Stalemated world trade body nears choice for new leader

May 06 2013, 02:06 IST
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SummaryThe World Trade Organization (WTO) has overseen a 12-year stalemate in global trade talks.

The World Trade Organization (WTO) has overseen a 12-year stalemate in global trade talks. On Wednesday, it will decide whether an insider or an outsider is better placed to break the deadlock.

In Mexico’s Herminio Blanco and Brazil’s Roberto Azevedo, the WTO has a choice between two highly qualified Latin American trade diplomats who would bring very differing approaches to the job of replacing veteran WTO head Pascal Lamy.

Azevedo, Brazil’s WTO ambassador and chief trade negotiator, has been closely involved with the trade body for almost its entire history since its creation in 1995.

Blanco, a former trade minister who negotiated the North American Free Trade Agreement with the United States and has spent the last 12 years in business, sits on the boards of a Mexican bank and a chemicals firm and advises companies on international trade.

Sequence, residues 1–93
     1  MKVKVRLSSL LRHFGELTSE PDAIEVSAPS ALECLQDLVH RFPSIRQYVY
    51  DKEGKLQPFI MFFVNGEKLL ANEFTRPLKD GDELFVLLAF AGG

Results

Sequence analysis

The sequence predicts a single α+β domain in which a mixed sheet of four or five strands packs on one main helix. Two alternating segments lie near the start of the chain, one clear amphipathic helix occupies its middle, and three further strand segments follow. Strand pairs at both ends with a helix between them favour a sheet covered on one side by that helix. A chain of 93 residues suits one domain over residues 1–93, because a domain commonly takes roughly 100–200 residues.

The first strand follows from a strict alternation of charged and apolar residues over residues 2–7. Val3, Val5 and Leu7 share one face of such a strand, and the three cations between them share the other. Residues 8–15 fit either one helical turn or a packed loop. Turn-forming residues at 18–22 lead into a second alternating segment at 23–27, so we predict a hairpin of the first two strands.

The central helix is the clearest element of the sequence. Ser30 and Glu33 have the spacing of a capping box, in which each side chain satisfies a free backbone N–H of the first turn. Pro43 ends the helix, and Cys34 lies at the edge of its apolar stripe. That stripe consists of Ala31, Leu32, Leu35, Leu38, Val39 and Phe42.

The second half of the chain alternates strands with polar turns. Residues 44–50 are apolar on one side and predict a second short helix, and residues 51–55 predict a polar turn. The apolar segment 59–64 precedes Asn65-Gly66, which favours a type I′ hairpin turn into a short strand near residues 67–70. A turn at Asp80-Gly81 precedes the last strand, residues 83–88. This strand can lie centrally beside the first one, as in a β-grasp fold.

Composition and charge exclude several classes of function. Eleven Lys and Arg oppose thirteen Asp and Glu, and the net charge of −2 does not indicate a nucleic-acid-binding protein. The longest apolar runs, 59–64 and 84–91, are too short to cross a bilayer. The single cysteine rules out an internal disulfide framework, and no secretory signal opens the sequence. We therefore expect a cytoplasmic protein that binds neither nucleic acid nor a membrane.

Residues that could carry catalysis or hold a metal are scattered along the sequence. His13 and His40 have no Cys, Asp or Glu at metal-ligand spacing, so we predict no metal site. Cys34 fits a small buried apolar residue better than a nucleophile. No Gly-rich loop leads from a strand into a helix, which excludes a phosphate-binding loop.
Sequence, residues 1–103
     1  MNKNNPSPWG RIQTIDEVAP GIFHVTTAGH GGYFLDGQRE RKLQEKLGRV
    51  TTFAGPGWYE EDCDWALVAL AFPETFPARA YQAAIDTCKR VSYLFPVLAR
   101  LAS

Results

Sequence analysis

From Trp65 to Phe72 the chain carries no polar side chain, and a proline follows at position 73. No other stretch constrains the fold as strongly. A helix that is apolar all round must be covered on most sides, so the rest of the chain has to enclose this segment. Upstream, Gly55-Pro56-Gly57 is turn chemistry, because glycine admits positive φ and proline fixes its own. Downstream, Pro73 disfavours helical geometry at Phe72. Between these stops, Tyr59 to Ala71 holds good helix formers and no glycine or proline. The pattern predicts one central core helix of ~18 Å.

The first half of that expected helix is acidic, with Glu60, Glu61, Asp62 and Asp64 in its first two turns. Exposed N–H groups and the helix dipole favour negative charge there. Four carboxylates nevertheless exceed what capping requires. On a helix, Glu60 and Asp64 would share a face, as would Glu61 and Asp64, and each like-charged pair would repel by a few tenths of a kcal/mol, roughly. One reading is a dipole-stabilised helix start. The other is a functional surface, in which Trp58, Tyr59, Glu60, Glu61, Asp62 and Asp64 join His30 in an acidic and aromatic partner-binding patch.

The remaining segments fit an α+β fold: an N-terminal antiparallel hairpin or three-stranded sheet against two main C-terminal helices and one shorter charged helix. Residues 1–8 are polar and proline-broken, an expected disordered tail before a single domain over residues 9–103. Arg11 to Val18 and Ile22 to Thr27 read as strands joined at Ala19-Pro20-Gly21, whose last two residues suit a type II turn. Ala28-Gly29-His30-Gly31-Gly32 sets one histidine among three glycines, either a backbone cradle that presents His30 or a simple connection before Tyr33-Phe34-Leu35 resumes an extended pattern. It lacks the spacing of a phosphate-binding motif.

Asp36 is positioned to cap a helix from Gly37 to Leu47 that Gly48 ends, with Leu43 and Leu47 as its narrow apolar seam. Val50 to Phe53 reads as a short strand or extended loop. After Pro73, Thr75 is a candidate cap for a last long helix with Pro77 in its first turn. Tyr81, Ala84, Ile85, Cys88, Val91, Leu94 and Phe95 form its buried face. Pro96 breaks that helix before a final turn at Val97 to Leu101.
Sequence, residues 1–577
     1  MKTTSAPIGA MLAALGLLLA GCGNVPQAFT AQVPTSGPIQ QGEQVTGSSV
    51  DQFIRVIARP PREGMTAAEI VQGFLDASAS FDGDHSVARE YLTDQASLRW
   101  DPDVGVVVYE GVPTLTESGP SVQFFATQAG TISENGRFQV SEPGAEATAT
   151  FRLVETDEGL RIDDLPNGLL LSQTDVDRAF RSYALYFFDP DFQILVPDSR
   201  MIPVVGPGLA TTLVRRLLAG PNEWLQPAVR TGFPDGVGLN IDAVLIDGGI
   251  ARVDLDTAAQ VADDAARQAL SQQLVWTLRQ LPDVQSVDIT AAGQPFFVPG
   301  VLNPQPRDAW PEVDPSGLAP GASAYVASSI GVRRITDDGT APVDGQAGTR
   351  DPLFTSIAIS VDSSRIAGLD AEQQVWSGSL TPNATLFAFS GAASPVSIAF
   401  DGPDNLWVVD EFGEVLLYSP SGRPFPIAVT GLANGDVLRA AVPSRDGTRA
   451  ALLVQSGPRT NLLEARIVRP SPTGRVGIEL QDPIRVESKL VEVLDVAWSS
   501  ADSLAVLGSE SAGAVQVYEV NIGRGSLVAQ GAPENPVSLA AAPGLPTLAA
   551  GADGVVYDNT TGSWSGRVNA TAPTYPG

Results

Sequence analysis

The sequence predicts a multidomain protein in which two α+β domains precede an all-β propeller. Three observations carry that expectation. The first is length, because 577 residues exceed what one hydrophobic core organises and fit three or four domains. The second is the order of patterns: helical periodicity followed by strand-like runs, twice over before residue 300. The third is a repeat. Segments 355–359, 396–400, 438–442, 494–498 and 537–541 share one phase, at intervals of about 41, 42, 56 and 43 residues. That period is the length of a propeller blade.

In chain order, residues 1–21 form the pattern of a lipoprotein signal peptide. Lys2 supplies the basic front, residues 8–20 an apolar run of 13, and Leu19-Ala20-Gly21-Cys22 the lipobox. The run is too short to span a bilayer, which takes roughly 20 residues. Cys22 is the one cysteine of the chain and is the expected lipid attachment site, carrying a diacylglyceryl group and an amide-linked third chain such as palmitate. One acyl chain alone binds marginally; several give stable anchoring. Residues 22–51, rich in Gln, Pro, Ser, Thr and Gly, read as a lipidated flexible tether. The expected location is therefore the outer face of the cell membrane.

The two are the last of a field of nine candidates hoping to succeed Lamy as director general (DG) on September 1.

As one of only two non-ministers in the race, Azevedo began as a relatively junior contender. But he was admired for his diplomatic skill, such as his success in getting the body to discuss currencies as a factor in trade — a toxic topic for some because it threatened to throw a slough of new disputes into the WTO, including simmering suspicions of China in Washington and criticisms of the US policy of “quantitative easing”.

Creativity is what the WTO needs from its new chief, trade experts say, because the job comes with little executive power and the director general must be able to make things happen without being able to tell the WTO’s 159 members what to do.

Lamy has been unable to break the impasse in global trade talks during his eight-year tenure.

While Azevedo has pitched himself as a listener who will earn the trust of member countries by understanding their negotiating standpoints, Blanco says an outside force is needed to persuade governments to show flexibility.

The catalyst, he says, is business. “One of the first targets has to be the United States,” he told Reuters in an interview in February.

“The private sector of the United States has to tell the government: You have to move in Geneva... you have to be more reasonable in your positions, you have to get to the table and you have to negotiate.”

But Blanco believes the attitude towards trade has changed since Doha’s demise and many countries now

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